Institutional Racism In Sonny's Blues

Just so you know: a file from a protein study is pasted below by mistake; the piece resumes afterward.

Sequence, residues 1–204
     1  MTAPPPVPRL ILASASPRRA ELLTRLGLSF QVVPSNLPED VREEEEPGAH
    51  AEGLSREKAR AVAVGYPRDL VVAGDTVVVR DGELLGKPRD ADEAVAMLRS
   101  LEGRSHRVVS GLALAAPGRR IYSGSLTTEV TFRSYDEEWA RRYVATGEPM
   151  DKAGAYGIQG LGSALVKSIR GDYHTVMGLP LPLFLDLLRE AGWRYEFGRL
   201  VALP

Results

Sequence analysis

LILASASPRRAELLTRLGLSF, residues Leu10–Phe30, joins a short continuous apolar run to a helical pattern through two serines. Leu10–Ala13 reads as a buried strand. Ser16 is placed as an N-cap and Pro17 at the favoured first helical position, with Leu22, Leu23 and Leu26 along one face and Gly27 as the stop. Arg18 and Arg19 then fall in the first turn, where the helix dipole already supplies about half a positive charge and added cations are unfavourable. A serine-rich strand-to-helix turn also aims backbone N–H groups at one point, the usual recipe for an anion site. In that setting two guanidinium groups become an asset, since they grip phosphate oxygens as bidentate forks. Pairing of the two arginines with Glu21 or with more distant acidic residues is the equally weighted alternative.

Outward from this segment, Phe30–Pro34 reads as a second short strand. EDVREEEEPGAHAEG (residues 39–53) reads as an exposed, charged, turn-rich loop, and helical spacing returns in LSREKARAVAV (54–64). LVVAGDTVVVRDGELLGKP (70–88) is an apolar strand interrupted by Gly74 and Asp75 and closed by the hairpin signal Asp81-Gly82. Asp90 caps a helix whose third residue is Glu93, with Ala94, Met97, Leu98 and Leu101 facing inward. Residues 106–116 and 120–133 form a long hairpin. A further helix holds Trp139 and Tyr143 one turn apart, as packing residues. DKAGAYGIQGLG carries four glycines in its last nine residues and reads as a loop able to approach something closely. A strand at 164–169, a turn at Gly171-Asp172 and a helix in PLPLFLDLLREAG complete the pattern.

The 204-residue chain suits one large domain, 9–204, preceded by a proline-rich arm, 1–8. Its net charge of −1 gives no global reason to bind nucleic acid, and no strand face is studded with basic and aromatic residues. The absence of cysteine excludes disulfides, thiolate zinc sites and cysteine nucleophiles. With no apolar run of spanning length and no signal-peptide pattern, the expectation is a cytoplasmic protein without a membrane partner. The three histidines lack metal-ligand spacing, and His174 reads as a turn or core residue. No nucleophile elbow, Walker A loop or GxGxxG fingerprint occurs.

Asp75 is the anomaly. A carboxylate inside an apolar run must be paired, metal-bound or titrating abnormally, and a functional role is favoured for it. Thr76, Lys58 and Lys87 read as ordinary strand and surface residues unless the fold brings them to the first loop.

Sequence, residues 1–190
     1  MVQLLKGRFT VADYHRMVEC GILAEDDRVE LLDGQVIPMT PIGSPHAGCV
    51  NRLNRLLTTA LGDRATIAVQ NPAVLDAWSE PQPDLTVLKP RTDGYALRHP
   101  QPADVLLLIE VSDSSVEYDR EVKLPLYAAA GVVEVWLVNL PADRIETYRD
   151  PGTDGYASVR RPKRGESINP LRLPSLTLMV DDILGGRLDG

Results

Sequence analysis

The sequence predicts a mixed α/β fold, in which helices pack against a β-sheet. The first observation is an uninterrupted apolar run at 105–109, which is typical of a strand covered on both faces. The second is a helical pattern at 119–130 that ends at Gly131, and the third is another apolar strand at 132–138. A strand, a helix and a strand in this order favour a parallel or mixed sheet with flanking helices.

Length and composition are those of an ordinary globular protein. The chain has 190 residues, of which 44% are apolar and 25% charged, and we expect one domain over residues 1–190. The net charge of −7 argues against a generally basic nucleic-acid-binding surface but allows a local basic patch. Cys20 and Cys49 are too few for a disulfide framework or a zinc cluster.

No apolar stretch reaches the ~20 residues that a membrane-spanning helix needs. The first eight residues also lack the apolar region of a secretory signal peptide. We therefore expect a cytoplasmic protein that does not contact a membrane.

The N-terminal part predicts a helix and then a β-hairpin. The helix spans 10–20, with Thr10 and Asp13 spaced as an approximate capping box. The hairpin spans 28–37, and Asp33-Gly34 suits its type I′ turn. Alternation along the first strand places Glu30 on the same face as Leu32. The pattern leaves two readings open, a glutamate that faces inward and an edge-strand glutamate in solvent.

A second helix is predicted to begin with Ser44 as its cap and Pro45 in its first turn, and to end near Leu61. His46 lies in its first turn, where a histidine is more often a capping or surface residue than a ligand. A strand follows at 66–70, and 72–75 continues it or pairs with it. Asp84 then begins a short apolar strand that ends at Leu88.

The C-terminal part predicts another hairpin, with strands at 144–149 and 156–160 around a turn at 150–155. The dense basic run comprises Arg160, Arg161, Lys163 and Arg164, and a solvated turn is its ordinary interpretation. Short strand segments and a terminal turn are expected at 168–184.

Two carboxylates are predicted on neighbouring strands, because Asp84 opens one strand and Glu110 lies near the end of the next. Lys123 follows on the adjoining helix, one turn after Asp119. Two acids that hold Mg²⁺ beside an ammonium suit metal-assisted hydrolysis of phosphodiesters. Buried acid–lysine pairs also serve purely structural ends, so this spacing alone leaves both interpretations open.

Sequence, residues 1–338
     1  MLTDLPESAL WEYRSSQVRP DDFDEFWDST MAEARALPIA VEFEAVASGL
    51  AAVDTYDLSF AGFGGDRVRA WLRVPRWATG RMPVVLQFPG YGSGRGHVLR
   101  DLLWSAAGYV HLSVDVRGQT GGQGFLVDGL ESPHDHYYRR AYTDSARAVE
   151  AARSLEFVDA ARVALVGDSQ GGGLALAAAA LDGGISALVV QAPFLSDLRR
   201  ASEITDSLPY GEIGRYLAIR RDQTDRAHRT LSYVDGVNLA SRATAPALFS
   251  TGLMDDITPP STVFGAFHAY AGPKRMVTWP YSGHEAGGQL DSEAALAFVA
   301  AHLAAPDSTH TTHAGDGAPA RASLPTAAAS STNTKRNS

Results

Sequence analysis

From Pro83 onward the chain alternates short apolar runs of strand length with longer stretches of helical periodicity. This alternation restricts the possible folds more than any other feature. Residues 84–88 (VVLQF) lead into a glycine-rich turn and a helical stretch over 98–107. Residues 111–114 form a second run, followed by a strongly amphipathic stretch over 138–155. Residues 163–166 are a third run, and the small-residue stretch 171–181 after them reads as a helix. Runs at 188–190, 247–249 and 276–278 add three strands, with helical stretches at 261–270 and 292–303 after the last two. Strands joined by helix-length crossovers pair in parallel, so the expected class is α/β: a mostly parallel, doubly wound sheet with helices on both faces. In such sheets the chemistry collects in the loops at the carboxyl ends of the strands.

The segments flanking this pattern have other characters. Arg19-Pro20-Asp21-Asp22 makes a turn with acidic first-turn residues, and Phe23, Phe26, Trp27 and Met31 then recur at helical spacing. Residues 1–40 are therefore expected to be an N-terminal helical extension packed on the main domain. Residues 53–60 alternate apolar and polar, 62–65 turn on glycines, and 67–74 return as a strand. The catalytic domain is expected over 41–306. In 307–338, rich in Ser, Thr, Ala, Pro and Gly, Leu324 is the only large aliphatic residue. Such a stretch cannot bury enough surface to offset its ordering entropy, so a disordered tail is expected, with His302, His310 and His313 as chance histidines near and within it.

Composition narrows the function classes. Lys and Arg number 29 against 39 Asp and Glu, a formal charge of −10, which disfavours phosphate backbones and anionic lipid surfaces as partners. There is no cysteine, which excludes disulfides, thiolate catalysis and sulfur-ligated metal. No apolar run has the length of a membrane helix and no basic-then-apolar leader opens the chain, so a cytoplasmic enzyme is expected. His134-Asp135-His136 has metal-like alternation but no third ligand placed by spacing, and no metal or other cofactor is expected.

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James Baldwin’s short story Sonny’s Blues reveals the dangers of institutional racism. Institutional racism appears to be woven into the fabric of society, expressed in the practice of social and political institutions. Limiting opportunities to the youth catalyzes their loss of hope and leads them to a self-fulfilling prophecy of failure, where the student comes to accept the fact that they will result to no more wealth and success than their parents acquired. Through poverty-stricken imagery of Harlem and the light and dark dichotomy, Baldwin suggests how introducing institutional racism at a young age restrains pupils from reaching their maximum potential in life, causing them to seek redemption thereafter. Baldwin emphasizes the restricted possibilities in the low income black community through poverty-stricken imagery. As the narrator exits the school grounds, he notes of the “low ceiling” of possibilities that his young pupils face and notices teachers passing quickly, as if they “couldn’t wait to get out of that courtyard” (Baldwin 73). Serving as poor role models, the lack of excitement that the teachers display while working is likely to reflect back in their students’ dedication to academics. Seeing that their superiors remain unhappy and unmotivated causes the students to believe they will amount to the same, leading them to adapt a deficient work ethic and indulge in a self-fulfilling prophecy. Similarly, Baldwin reveals the facade in the penniless
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